Benzylpiperazine (Trifluoromethyl-Phenylpiperazine): History notes
Last modified: Thursday, 25. December 2008 - 8:37 am
Piperazines have an interesting history in medical therapeutics, although they often failed to deliver the effects originally promised. As far back as 1919, Finley Ellingwood, M.D., touted their uses as “renal sedatives and correctives” in The American Materia Medica, Therapeutics and Pharmacognosy. Indications for use included “persistent, excessive excretion of uric acid and the urates with constant backache, dry skin and scanty urine, or where there is a brick dust sediment in the urine…It acts more rapidly than other better known agents, and is direct and positive. It is soothing to the irritated passages.” Other conditions said to respond to the piperazines included chronic rheumatic arthritis, gout, acute rheumatism, and rheumatic pericarditis, or inflammation of the coverings of the heart. Although the author claimed that “further experience should broaden its field of usefulness,” none of the indications cited in this treatise have withstood the test of time.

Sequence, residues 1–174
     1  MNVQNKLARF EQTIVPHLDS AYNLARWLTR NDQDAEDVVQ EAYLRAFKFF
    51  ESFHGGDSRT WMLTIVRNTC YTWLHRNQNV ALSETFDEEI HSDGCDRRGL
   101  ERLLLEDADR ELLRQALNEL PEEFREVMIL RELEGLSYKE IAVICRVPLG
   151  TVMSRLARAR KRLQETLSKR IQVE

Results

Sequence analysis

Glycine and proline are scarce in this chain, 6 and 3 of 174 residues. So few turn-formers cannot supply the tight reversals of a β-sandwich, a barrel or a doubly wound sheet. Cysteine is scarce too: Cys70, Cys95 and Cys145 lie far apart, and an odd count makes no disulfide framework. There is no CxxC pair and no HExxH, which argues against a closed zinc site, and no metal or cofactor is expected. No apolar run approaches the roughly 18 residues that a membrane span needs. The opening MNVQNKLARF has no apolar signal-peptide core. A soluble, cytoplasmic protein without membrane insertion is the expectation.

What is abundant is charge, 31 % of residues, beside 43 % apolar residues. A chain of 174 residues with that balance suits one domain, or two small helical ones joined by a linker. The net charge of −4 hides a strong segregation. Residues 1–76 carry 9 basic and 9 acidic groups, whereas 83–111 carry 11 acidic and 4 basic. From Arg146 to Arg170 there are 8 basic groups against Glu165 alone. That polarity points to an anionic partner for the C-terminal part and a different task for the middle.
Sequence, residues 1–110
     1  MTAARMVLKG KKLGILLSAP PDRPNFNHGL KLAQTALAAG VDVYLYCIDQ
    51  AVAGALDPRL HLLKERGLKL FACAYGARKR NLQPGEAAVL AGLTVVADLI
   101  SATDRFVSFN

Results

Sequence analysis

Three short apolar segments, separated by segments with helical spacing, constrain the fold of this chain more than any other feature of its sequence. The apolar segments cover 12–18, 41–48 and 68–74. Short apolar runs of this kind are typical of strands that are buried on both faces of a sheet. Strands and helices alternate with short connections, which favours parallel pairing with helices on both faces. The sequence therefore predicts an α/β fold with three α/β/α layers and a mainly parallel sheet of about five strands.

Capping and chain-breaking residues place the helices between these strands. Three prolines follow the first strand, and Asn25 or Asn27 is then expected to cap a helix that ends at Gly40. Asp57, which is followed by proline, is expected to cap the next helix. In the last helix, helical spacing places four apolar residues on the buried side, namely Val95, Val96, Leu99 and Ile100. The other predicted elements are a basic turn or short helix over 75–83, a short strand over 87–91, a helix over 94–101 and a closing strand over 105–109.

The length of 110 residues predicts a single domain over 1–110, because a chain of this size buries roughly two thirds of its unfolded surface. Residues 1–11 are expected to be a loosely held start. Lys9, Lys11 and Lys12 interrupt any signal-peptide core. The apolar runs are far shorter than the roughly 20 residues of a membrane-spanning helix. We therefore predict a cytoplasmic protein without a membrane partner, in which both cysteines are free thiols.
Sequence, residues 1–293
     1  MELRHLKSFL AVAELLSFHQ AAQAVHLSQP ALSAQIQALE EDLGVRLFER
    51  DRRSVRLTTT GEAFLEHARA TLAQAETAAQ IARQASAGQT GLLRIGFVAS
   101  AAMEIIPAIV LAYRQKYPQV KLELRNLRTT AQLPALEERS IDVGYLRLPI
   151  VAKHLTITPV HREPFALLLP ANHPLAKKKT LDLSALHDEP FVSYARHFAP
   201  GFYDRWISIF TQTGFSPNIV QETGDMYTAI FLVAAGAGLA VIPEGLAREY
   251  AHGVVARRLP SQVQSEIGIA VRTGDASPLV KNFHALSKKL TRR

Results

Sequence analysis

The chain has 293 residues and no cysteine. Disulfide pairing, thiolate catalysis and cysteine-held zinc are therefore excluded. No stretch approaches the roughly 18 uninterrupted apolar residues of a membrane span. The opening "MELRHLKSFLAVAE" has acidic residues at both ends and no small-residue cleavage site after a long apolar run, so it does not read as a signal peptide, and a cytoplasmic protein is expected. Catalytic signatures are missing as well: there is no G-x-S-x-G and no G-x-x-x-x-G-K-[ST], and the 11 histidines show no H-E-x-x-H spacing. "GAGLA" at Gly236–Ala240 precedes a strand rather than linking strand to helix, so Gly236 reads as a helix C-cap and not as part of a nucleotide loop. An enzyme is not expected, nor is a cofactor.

Since the early 1950s, piperazines have been widely used in veterinary medicine and in humans as anthelminthic drugs to rid the lower intestinal tract of parasitic worms. In 1999, Japanese researchers found that an N-benzylpiperidine derivative chemically related to the piperazines improved learning in rats. This eventually led to the discovery of donepezil (Aricept) used to slow down progressive memory loss in Alzheimer’s disease and related conditions. Although other BZP derivatives are being investigated for possible Therapeutic uses in depression, other psychiatric illnesses, epilepsy or seizure disorders, pain, inflammatory diseases, and certain tumors, none were being used for these conditions as of April 2002.